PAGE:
It New information has just been released by Statistics Canada showing some interesting trends about Canadian employment.
In the 12 months to December, employment gains totalled 214,000 or 1.2%, compared with a growth rate of 0.9% observed over the same period one year earlier. Gains in employment were highlighted by growth in the private sector and especially among women between the ages of 25 and 54.
When we take a look at the breakdown of employment changes in a bit more detail, we can also see a major shift toward part-time job growth. Statistics Canada’s year-end employment review Friday said the country added 153,700 net new part-time jobs last year and just 60,400 full-time positions.
What does this shift mean for Canadian small businesses, who are often reliant on part-time workers? While part-time employment gains are generally seen as less favourable for overall economic health compared to growth in full-time positions, growth in a general sense shows the improvement of business health, especially among businesses that are starting up or expanding.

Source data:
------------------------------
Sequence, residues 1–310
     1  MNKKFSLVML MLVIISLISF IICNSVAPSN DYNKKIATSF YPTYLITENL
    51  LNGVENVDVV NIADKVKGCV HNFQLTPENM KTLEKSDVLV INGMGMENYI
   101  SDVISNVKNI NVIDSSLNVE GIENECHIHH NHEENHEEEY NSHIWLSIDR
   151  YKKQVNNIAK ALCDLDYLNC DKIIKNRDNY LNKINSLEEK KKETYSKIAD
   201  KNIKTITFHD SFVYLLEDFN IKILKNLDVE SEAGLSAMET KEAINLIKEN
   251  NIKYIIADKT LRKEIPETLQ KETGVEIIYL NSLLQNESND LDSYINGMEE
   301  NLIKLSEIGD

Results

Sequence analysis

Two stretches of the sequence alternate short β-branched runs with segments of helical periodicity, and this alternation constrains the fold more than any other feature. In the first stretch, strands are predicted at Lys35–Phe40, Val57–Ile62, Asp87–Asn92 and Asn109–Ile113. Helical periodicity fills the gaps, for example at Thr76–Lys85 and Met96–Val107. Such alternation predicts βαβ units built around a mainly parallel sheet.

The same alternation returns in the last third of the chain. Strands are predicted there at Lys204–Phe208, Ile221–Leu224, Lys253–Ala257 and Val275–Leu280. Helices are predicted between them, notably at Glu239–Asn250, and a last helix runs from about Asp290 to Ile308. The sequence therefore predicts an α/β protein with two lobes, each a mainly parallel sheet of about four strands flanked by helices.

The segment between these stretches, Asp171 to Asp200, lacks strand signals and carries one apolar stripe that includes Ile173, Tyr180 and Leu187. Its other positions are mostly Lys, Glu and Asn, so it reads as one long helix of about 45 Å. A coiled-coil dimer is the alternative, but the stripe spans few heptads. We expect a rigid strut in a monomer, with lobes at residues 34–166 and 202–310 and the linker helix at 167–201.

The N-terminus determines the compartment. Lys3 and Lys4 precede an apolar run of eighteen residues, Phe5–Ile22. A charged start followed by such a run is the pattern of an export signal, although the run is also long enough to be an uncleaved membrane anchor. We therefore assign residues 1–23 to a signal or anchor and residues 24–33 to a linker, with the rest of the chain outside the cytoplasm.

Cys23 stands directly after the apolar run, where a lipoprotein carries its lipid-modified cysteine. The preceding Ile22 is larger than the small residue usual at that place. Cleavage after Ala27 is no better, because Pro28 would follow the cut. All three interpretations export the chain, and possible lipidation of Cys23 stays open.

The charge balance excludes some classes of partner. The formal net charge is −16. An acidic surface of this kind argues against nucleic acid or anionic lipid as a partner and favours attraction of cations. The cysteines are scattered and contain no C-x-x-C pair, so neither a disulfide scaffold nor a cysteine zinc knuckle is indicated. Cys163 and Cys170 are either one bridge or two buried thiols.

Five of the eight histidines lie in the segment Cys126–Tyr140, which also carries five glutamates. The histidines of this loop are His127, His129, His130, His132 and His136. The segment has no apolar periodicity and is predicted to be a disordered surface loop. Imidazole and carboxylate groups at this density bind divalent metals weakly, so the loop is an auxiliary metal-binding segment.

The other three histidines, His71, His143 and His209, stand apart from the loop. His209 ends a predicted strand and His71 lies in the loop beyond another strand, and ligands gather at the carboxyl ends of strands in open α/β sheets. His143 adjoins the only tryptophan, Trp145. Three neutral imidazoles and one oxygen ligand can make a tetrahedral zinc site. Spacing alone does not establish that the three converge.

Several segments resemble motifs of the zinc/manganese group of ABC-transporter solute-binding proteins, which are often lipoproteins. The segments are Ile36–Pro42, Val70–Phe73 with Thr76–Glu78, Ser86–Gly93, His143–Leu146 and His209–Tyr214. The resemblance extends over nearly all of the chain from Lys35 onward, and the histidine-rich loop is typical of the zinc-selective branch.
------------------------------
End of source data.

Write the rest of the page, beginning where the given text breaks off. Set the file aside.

Part-time hiring is more likely to be pursued by businesses who are aiming to keep costs low. This reflects some of the year-long trends in the Canadian small business world in which rising costs of major items such as utilities and property taxes have put pressure on the bottom line of many SMB owners.
The point at which Canadians need to be concerned about the upsurge in part-time employment is when “involuntary part time” jobs become too prevalent. This would mean that a candidate whose preference would be to work full-time has no choice but to seek out part-time employment. In light of the significant growth in part-time work, it will be critical for small business owners to invest in the quality of training and support for their part-time employees in the coming year.